NDA 3.0’s First Budget – Why the Country Expects Continuity in Policy and Strategic Initiatives
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NDA 3.0’s First Budget – Why the Country Expects Continuity in Policy and Strategic Initiatives

Every year, the monsoon months of July and August are times of new beginnings. Rain falls from the sky and green shoots appear on the earth. The presentation of the Union Budget every 5 years during the same period has similarities to the providence of nature.

Finance Minister Nirmala Sitharaman is all set to present her seventh budget. It is a watershed moment because it signals a sense of continuity and empowerment. It symbolises India’s commitment to women in leadership positions at the highest decision-making levels.

Expectations for the upcoming EU budget

With the post-Covid recovery partially derailed by economic volatility brought on by global armed conflicts, the first budget under NDA 3.0 offers hope for policy continuity combined with serious course-correcting initiatives.

Expectations are high on the strategic initiatives that are likely to propel India towards the ambitious goal of becoming a Viksit Bharat by 2047. The interim budget of February 1, 2024, had emphasized on schemes for four key segments — Garib (poor), Yuva (youth), Annadata (farmers) and Nari (women). Strengthening these four pillars is crucial to achieving this national aspiration.

Recently, the Reserve Bank of India (RBI) highlighted that the financial stability matrix is ​​currently strong, which means that it is the right time to not only maintain but also improve our economic framework. The banking, financial services and insurance (BFSI) sector should focus on promoting digitization, increasing cybersecurity and accessibility for consumers.

India is one of the fastest growing fintech markets in the world, expected to reach $150 billion by 20251. Policies that support Fintech and Non-Banking Financial Companies (NBFCs) are essential to support financial inclusion and innovation. Implementing a more lenient tax regime and compliance policies will enable these entities to effectively support Micro and Small Enterprises (MSEs).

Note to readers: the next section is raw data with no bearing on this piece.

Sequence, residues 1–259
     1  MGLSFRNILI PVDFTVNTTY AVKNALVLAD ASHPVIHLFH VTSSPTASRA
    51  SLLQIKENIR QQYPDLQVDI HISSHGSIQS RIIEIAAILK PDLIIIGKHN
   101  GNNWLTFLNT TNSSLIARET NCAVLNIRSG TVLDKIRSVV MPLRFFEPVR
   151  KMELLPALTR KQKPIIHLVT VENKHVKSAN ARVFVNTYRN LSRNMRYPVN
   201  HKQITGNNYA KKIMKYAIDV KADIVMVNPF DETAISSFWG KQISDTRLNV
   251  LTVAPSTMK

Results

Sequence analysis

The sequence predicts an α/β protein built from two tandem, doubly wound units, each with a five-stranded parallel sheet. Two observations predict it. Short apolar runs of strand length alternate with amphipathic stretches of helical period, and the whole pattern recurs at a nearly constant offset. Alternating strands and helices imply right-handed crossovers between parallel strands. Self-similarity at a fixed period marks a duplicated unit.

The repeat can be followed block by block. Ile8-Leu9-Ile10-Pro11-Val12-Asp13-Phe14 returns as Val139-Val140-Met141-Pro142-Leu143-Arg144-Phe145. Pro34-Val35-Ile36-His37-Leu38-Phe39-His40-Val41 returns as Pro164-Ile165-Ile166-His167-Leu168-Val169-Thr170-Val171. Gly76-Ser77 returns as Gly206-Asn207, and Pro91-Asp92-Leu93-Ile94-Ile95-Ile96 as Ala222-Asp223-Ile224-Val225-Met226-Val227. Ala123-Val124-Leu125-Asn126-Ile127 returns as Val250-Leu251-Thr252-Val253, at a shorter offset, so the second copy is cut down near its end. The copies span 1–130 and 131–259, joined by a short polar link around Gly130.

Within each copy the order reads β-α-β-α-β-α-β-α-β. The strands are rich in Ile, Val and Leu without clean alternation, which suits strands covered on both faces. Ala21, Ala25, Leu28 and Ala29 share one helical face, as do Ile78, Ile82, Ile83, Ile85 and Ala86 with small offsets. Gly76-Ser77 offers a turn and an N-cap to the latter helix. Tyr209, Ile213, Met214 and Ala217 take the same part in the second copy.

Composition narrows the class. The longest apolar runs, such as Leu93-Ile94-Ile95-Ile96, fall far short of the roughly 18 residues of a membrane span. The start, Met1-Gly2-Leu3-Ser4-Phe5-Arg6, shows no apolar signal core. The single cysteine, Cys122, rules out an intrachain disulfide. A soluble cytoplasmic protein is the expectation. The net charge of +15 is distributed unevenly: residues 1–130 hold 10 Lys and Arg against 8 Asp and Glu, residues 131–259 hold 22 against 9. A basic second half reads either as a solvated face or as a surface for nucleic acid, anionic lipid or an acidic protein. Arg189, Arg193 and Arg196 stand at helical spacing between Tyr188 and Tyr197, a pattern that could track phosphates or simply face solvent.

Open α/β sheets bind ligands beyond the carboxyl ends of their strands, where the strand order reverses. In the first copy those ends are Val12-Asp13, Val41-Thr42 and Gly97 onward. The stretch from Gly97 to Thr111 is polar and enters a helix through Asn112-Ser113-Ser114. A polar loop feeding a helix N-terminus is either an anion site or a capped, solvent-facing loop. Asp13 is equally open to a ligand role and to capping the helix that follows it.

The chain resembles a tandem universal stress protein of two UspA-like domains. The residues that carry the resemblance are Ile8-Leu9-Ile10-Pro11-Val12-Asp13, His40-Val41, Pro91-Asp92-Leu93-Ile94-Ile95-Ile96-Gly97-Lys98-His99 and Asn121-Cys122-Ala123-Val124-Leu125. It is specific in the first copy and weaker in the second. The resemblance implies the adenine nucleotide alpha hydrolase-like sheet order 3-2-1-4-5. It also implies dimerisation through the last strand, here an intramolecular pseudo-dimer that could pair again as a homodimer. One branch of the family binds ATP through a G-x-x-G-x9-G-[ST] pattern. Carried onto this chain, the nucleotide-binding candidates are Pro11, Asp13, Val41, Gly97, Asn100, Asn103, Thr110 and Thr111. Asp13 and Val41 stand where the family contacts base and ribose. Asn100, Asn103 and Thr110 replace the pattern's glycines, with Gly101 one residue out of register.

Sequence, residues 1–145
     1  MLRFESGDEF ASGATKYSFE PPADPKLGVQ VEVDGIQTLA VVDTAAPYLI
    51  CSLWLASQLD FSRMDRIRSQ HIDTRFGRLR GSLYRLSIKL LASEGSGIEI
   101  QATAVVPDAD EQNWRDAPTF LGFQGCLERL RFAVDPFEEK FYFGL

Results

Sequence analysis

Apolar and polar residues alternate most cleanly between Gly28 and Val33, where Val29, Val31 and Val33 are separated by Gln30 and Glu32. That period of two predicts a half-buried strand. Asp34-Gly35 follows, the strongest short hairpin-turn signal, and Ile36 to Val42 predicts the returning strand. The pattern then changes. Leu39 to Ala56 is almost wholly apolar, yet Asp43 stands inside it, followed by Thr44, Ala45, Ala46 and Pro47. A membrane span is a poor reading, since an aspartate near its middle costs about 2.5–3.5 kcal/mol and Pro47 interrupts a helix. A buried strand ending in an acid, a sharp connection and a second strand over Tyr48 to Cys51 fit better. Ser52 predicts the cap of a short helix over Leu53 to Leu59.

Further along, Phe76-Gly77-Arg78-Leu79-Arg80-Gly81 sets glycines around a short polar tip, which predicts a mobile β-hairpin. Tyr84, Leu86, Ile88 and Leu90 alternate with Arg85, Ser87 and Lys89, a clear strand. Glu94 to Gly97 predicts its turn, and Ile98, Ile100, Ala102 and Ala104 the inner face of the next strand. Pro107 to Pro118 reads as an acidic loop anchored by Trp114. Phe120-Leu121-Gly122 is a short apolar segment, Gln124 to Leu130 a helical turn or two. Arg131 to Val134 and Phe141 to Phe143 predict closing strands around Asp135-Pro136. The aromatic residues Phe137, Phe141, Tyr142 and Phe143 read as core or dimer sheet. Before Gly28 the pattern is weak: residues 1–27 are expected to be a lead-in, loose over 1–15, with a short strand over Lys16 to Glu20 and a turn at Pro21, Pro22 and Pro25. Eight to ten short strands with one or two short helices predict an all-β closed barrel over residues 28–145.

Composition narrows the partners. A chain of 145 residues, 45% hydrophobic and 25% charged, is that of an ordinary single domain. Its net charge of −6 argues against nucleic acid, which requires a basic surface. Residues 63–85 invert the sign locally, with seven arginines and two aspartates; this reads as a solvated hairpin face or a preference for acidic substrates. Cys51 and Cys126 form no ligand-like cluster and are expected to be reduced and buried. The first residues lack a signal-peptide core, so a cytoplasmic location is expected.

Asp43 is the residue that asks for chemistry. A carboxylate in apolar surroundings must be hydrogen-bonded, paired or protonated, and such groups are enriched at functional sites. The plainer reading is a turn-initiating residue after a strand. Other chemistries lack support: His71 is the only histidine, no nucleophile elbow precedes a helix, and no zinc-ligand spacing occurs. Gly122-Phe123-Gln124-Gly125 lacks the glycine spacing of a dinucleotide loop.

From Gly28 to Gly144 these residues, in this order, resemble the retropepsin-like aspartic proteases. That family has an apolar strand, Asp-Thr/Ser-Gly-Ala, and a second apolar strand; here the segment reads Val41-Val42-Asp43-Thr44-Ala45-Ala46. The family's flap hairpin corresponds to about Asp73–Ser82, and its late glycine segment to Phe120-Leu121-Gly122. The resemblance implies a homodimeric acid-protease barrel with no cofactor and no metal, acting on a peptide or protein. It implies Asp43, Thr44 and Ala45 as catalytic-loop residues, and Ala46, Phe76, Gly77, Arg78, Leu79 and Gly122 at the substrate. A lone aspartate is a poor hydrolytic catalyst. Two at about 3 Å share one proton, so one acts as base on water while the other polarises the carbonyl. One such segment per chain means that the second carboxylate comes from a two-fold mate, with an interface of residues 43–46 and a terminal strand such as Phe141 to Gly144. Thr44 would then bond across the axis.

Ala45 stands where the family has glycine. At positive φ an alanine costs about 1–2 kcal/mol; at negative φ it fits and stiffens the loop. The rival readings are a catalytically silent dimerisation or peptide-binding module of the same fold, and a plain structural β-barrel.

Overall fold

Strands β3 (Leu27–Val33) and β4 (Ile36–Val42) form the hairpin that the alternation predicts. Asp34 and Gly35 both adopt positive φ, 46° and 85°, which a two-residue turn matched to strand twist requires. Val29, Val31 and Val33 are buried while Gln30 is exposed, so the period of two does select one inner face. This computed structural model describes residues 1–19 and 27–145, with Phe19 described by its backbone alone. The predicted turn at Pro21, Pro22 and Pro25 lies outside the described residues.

Overall, micro, small and medium enterprises contribute almost 30% of India’s GDP2 and require targeted support to thrive. The budget should facilitate better access to institutional funding and simplify compliance processes.

Affordable housing remains a key area that requires intervention. Falling sales in this sector require tax incentives for both developers and buyers. Such measures can revive the market and ensure that housing remains within the reach of all segments of society. Similar attention should be paid to the insurance sector, especially in terms of increasing the availability of health insurance products and after-sales services.

The healthcare and pharmaceutical sector, which employs over 6 million people, has huge economic potential. Investments in expanding the hospital network in non-metropolitan cities, establishing more diagnostic and pathology centers, and focusing on domestic production of essential drugs are key to its growth.

Technological advances in areas such as artificial intelligence (AI), wearable devices, mobile technologies and the Internet of Things (IoT) create promising opportunities for investment.

India can strengthen its healthcare infrastructure and ensure access to high-quality healthcare for all by investing in these segments. Active engagement of the private sector, particularly through PPP models, will play a key role in addressing healthcare challenges and driving improvements in the sector.

The upcoming budget provides a golden opportunity to lay the foundation for a Viksit Bharat. By focusing on these critical areas, India can achieve sustainable, inclusive growth, paving the way for a prosperous future for all its citizens.

—The author, Dr. Rashmi Saluja, is the Chairperson of Religare Enterprises and Chairperson of the Global Trade and Technology Council (India). The views expressed are personal.